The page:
Junior High Band
Conducting Tips

Help Don't Hinder

How you conduct can either help the students play more accurately or make it more difficult for them. Here are just a few examples of when and how you can help the students do their best:

Abrupt stops - An often-used effect in music is the abrupt stop. Yet, especially in junior high, there will be any number of students who keep playing. An effective way to solve the problem is to stop moving when the music is supposed to stop. Most of the time that will be at the ictus of a beat. Give the beat and stay there without any rebound. You'll be surprised how well it works.

Dynamic changes - How you conduct different dynamics is another way to help or hinder the performance. Your conducting pattern should be smaller when conducting soft passages and larger when conducting loud passages. If your conducting pattern is always the same size, it will be more difficult for the students to make the changes.

Long notes - If everyone is holding a long note, there is no need for you to beat every beat in the measure. In fact, by doing so those students who struggle to count and play at the same time will think it's time to move on. Just conduct the beat the long note starts on and then slowly raise your hands and resume conducting when it's time to play the next note. By raising your hands during the long note the students are less likely to stop playing and it also helps them support the tone to the end of the note.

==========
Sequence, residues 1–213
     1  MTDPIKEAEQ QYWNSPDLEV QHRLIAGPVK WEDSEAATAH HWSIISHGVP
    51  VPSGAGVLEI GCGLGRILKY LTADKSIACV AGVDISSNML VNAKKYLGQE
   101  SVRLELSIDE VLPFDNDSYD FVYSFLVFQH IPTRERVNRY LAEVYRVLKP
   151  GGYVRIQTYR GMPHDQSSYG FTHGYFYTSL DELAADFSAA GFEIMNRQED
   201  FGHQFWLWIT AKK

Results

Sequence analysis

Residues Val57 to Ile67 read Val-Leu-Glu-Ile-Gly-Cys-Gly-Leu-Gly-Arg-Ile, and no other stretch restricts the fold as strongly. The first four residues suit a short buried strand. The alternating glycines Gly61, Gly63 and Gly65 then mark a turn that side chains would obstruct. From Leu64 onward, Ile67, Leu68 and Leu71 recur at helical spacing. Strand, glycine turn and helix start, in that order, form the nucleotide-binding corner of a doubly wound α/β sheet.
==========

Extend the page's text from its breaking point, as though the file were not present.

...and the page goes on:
Critical entrances - The beginning of a solo, a climatic cymbal crash, and that lone cowbell in David Holsinger's Havendance are examples of times when you can be a big help. Start by making eye contact and pointing at the performer with your left hand well in advance of the entrance. Make the cue very deliberate and obvious so there is no doubt when it's time to play. If you don't help with the critical entrances, chances are high the students will doubt their own counting and play less confidently.

Video Disclaimer

The attached videos are not perfect examples of how each tune should be played. They are recordings of junior high students, some of whom have had their instruments for only a few months. Also, they are not professional recordings. They were taken by band parents using home equipment and naturally focusing on their own children.

I include them for two reasons: (1) To give you an idea of what the arrangements are like, and (2) To illustrate the kind of performance you can expect from your junior high students.